Sulfur dioxide emissions from the volcano’s summit have dropped to levels that are about half those measured prior to the onset of the current episode of eruptive activity. This gas and minor amounts of ash are being transported downwind, with small bursts of ash and gas accompanying intermittent explosive activity.

For forecasts of where ash would fall under forecast wind conditions, consult the Ash3D model output here.

Information on volcanic ash hazards and how to prepare for ash fall maybe found at http://www.ivhhn.org/information#ash (health impacts) OR https://volcanoes.usgs.gov/volcanic_ash/ (other impacts).

6 a.m.: No Tsunami Generated From 5.3-M Kïlauea Quake

Kīlauea Caldera from HVO Observation Tower, June 18, 2018, 6:20 a.m.

The Pacific Tsunami Warning Center reports an explosion at the Kïlauea Summit.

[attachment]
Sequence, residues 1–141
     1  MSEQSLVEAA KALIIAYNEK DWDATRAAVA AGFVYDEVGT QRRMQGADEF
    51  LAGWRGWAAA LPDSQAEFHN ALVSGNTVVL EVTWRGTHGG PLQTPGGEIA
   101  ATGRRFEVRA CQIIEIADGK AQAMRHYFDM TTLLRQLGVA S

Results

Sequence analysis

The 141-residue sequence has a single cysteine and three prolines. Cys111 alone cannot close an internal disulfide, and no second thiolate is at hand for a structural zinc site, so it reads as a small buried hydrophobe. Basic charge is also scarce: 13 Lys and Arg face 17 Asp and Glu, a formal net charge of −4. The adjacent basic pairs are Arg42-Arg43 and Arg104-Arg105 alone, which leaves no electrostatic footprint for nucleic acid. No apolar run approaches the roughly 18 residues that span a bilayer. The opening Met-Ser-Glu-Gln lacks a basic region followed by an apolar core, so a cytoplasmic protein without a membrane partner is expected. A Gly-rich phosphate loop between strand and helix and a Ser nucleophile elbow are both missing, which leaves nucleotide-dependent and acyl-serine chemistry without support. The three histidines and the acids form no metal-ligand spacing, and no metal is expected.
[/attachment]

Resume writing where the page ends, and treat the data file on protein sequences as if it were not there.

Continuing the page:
The energy is like a 5.3 magnitude earthquake. No tsunami is expected.

Hawaiian Volcano Observatory reports Fissure 8 continues to be very active with a fast moving channelized flow entering the ocean at Kapoho Bay. The vent is producing a large SO2 plume and a large laze plume at the ocean entry.

6:15 a.m.: TSUNAMI INFORMATION STATEMENT 

A SEISMIC EVENT HAS OCCURRED NEAR THE SUMMIT OF KĪLAUEA VOLCANO.
THE EVENT IS LIKELY ASSOCIATED WITH A SUMMIT ERUPTION.

ITS PRELIMINARY PARAMETERS ARE:

ORIGIN TIME – 0613 AM HST 18 JUN 2018
COORDINATES – 19.4 NORTH 155.3 WEST
LOCATION – IN THE SUMMIT REGION OF KILAUEA VOLCANO
MAGNITUDE – 5.3VI

NO TSUNAMI IS EXPECTED; HOWEVER, SOME AREAS MAY HAVE EXPERIENCED STRONG SHAKING.

Sunday, June 17, 2018, 10:28 p.m.: HAWAIIAN VOLCANO OBSERVATORY STATUS REPORT

Current Volcano Alert Level: WARNING
Current Aviation Color Code: RED

Kīlauea Volcano Lower East Rift Zone